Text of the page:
Due to growing concerns that the current generation of car design is limiting what drivers can see behind them, motor racing’s governing body has decided to act. An initial intention by the FIA to push through new rules in time for the Singapore Grand Prix on safety grounds had to be abandoned because it needed World Motor Sport Council approval.
So instead, the FIA has told F1 teams that it wants to meet with technical directors at the Hungaroring in a fortnight’s time to discuss what can be done for 2018 and 2019.
Although the FIA has been looking at mirror designs for a while, fresh momentum behind a push to change came at the Austrian Grand Prix when there was a near miss between Carlos Sainz and Sebastian Vettel in qualifying. F1 technical delegate Jo Bauer was later spotted conducting some visibility tests with Vettel and his Ferrari to check on exactly how much the German could see.
Earlier this week the FIA wrote a technical directive to teams informing them that new rules were being pushed through on safety grounds from the Singapore GP. F1’s head of technical matters for single seaters Nikolas Tombazis suggested that the evolution of current car designs had meant that the upper surface of the sidepod and the lower regions of the rear wing were blocking out vision at the rear. Furthermore, he suggested that the growing trend for high rake cars had made mirrors much less effective in showing drivers what was going on behind them.
Rather than giving teams an area of the car to choose where they place the mirrors, the FIA said it intended to stipulate a specific location for the mirrors. It wanted the centre point of a car’s mirrors to be 640mm above the reference plane and 450mm from the car’s centre point. A 5mm tolerance would be allowed. Previously, mirrors had to just be situated between 200mm and 550mm from the car centre line and there was no limit on height.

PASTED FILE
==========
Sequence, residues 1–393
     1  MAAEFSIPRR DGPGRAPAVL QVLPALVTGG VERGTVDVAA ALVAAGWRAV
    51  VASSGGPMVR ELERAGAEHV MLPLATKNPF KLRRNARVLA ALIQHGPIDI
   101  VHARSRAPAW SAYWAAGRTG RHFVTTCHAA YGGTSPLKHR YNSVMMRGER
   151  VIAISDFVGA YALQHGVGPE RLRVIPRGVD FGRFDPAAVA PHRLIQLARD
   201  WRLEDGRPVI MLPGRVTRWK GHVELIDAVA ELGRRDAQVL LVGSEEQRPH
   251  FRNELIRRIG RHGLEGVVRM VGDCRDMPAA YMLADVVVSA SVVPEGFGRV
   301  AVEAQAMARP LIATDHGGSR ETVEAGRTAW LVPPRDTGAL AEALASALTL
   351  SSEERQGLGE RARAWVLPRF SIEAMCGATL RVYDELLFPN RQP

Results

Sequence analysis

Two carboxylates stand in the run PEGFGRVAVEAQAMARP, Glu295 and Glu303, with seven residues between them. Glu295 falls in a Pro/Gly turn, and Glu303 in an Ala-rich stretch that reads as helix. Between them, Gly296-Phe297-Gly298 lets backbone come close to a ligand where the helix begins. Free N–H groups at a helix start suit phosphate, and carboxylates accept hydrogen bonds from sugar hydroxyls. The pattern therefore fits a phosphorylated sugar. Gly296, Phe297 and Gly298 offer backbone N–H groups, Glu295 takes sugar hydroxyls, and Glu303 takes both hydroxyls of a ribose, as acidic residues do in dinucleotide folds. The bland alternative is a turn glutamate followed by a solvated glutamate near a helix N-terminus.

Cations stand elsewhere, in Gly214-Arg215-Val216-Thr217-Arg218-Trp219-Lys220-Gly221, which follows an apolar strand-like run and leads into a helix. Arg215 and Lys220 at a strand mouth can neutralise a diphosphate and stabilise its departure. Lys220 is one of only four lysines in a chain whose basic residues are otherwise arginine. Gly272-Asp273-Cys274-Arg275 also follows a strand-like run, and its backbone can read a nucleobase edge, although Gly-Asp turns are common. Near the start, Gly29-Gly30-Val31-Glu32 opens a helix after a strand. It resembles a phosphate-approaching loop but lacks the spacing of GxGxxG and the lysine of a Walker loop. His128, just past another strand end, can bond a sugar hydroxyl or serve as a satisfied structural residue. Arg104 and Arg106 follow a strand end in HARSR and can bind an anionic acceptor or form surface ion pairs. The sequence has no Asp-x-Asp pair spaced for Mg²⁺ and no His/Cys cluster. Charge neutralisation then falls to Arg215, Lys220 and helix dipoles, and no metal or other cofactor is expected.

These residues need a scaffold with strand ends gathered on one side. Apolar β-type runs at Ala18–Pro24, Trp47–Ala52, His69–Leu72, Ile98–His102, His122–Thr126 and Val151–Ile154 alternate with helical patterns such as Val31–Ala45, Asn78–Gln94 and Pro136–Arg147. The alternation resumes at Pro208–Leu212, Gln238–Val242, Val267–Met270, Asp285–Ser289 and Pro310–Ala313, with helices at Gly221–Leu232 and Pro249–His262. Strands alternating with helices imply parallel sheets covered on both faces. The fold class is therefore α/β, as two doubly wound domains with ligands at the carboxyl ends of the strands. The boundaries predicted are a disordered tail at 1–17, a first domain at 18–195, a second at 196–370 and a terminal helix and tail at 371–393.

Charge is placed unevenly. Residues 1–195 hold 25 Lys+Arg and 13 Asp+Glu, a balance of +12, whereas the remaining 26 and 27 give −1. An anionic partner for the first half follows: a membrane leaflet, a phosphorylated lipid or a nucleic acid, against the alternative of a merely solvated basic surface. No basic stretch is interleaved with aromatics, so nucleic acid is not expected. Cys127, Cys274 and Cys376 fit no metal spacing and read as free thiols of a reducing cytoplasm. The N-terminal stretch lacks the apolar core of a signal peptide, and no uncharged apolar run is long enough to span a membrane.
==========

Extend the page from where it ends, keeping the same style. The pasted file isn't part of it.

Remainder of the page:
However, with the change in rules requiring approval by the WMSC, and amid some question marks about potential loopholes in what had been proposed, the FIA withdrew the directive and instead will hold fire on plans until after the Hungary meeting.
The new positioning of the mirrors has also opened up the opportunity for the FIA to re-examine the controversy over mirror supports that could potentially bring aerodynamic benefits. With Ferrari having been told to remove a support on its halo mirrors that appeared at the Spanish Grand Prix, the Italian team was unhappy that Mercedes appeared with a new support to its sidepod mirrors as part of an update at the Austrian GP.
The FIA was adamant, however, that the Mercedes version complied fully to the rules.
With teams needing to revise the location of their mirrors, the FIA has indicated that the design of any future supports should be approved by the governing body to avoid any potential legality problems.
Tombazis added: “For the sake of completeness, I would re-iterate our previously expressed position that the mirror mountings must have a primary purpose of structurally supporting the mirrors, and any aerodynamic benefit should be incidental.
“I would suggest that the new mirror position stipulated above lends itself to a sensible mounting to the side pod, and would encourage teams to send images of their proposed new designs in order to avoid unnecessary discussions.”